Path to Publication III: The edits

Accept. Accept. Accept. Accept.

At the time of writing, that has been my life for four hours a night for the last week. It’s spilling over into other bits of life, too. I really want to hit ‘Reject Change’ on suggestions I empty the dishwasher, and ‘Delete Comment’ on most things I hear on public transport.

So brings us to Path to Publication III: The edits (click here and here for the earlier instalments). In short, I’m tracing the journey of publication for my book, The Foundation, from the pitch right through to release.

In this instalment, I’ll be dealing with the finer details of the editing process.

The copy edits


So I left you last time having fixed the major issues in the book, preparing to confront the blunderbuss of red shot my way in the form of copy edits.

My wonderful editor, Kylie, was responsible for 148 comments and 4350 tracked changes to the manuscript. Overwhelmingly sensible ones, too. I asked her how she approaches her craft:

‘I have one golden rule when editing: it’s not my book. I know how hard writers work to get their story onto the page – sweating blood or bullets, typing until their fingers ache – and the last thing they want or need is some stranger coming in to stomp all over their manuscript. It isn’t my job to turn the book into something it’s not.

So when I first read a manuscript, I’m looking for the heart of the story, trying to figure out what it is the author is trying to do, and taking note of whether the narrative voice, structure, even the characters, reflect that. It’s important that any suggestions I make improve the manuscript, rather than introduce new problems.

My editorial suggestions – whether in a structural edit or a copy edit – are how I offer whatever help I can to make the book the best it can be. And writers always get the final say on whether those suggestions are useful to them or not.’

So with that in mind, I worked my way through these changes, confronting the issues in the manuscript. This is in addition to the stylistic clean up that Kylie gave the manuscript: American spelling, proper capitalisation, naming conventions, layout… I didn’t even see those.

Fixing stuff


Some writers would be appalled by what I’m doing, because it exposes that – shock! – scenes aren’t as perfect as Michelangelo’s David from the moment they’re slung onto a page. Nor when they’re submitted. Writers don’t write flawlessly and sometimes don’t see everything that needs fixing.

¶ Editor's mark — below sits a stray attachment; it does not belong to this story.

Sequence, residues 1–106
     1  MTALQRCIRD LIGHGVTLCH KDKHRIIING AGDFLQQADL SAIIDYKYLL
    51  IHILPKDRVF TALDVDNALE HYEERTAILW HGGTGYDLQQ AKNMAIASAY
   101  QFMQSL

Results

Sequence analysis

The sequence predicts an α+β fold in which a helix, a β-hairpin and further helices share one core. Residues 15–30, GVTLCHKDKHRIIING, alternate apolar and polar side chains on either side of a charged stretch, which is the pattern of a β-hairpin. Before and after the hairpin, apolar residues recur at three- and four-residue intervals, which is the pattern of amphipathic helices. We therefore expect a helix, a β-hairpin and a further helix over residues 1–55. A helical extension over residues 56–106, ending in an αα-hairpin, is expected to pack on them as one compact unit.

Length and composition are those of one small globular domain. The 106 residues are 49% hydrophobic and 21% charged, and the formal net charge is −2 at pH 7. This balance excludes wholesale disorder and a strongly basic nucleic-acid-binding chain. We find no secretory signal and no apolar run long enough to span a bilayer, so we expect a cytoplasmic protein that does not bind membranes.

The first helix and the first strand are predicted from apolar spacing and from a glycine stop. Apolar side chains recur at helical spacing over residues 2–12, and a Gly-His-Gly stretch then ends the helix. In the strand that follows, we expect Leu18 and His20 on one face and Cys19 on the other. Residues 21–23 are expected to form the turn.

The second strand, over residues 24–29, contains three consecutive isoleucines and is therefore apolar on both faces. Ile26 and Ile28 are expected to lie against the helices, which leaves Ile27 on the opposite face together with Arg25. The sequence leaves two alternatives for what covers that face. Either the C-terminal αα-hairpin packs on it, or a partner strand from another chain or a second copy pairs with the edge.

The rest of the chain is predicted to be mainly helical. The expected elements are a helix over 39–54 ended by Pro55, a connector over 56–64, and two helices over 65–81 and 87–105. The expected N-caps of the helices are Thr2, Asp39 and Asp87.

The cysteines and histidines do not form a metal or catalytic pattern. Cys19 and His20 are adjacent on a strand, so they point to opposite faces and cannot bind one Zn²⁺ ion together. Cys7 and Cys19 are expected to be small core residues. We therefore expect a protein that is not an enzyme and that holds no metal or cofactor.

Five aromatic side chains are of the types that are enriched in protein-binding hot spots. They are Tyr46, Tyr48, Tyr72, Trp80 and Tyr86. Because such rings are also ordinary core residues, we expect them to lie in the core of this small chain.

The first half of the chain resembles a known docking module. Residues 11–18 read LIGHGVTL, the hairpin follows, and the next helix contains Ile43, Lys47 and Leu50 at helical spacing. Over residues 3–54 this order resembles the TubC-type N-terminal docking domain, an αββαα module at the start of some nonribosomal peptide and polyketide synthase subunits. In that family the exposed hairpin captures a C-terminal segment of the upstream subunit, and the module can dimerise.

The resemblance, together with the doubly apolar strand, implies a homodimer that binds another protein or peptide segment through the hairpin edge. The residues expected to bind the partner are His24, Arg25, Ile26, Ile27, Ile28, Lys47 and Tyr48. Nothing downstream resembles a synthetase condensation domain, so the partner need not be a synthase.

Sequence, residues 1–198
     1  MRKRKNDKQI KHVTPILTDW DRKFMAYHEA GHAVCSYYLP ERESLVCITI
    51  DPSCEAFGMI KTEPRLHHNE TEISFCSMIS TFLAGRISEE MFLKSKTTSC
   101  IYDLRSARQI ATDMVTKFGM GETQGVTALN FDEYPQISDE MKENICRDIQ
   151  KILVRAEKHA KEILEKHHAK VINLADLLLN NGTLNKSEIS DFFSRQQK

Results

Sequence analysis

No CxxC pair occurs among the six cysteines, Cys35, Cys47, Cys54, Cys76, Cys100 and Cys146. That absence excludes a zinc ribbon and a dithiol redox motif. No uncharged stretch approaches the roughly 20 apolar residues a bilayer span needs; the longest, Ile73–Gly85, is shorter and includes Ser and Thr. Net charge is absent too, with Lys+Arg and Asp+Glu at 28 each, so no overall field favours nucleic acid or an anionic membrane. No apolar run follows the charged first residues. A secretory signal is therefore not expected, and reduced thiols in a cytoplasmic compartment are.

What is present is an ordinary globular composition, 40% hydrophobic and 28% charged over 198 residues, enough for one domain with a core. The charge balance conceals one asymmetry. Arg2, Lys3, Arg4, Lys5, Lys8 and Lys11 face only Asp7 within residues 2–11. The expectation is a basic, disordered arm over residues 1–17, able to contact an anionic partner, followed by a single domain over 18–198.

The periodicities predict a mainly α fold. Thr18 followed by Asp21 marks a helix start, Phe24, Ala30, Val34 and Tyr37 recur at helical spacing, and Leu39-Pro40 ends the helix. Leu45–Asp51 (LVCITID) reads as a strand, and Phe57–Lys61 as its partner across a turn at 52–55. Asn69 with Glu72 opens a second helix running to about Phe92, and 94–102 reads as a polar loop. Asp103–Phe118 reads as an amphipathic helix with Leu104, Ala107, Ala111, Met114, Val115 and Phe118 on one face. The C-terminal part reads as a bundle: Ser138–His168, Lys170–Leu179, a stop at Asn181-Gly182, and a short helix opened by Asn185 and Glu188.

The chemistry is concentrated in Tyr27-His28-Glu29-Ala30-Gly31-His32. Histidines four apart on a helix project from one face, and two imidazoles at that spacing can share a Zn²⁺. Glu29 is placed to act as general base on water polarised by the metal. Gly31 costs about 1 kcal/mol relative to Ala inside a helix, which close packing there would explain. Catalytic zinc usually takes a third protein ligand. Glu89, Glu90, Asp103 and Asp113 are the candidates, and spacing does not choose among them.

But here it is! I’ve picked a busy page in the manuscript that doesn’t reveal too much about the storyline. The first image shows how Kylie has marked it up, complete with edits and comments. Other pages also contain style tips for the layout dudes, but they’re not shown here.

Screen Shot 2014-08-06 at 8.45.34 pm

I reckon I accepted 99% of Kylie’s copyedits without issue. In those instances where I didn’t agree, or didn’t agree entirely, all I had to do was track over the tracked changes. The second image shows the same handful of paragraphs, after I’ve accepted Kylie’s changes but made a few of my own:

Screen Shot 2014-08-06 at 8.48.20 pm

It took me three weeks and a hell of a lot of hours to get through the vast bulk of the changes. Not only did I respond to Kylie’s suggestions and accept most of her amendments, but with fresh eyes I also found stuff I wanted to fix to get the manuscript to a point where I considered it finished

Lesson 6: Writing isn’t always fun, neither is editing. Most of the time it is, but sometimes you need to get neck deep and just slog it out. Punching out first drafts, stitching it together, countless rounds of edits – this stuff is hard work. But it isn’t something to complain about. You’re not stitching together $6 shirts at Bangladesh sweatshop or clearing the sewers in Mexico City. This is a privilege.

The final read


It’s an amazing experience reading through your manuscript before it departs for the final time. Sure, I’ll get a chance to read it again after it’s a fully proof read and knocked up book before stamped ‘FINISHED’, but this is the last opportunity for substantive change.

The good thing: It’s done! I love the book and I’m exhilarated that it’s going to be with readers in a few months and we’ll be selling millions of copies and drinking cocktails and eating canapés. Right? Or, if not, it’s still a pretty big achievement.

The bad thing: It’s done? Even though I love it, I still see bits that I’d like to tighten or that aren’t quite right that the reader probably won’t even notice. But I’m exhausted with it. Sooner or later editing becomes trawling the manuscript and just tinkering for the sake of it. That’s when you know.

Lesson 7: Know when to let go. My manuscript on the day I shipped it off was 88,000 words. I could keep playing with it until the day I die, but the law of diminishing returns kicks in. Plus, there are sales to make, mansions to build and other books to write. It’s not perfect, but it’s damned good and the best I can make it (with the help of people like Kylie, Tara and Joel).

Shipping it off


So I sent it back to Tara with the heady delight of getting my spare time back and being able to write again. With genuine curiosity, I asked her what comes next:

At this stage of the process, the copyeditor or in-house editor will go over the author’s comments, queries, and edits to make sure everything is smooth sailing (i.e., that no new issues have been introduced to the manuscript). After that, the book will be sent off to the typesetter and then to the proofreader (and the author will have one more chance to comb through it as well).’

So the book is done, assuming I haven’t broken my book with my tinkering, at any rate. I’m happy with it, and like a proud parent I’m excited (and a little relieved) as the little bugger nicks off to find its way in the world.

Tune in next time for how a cover is designed and how a book is marketed.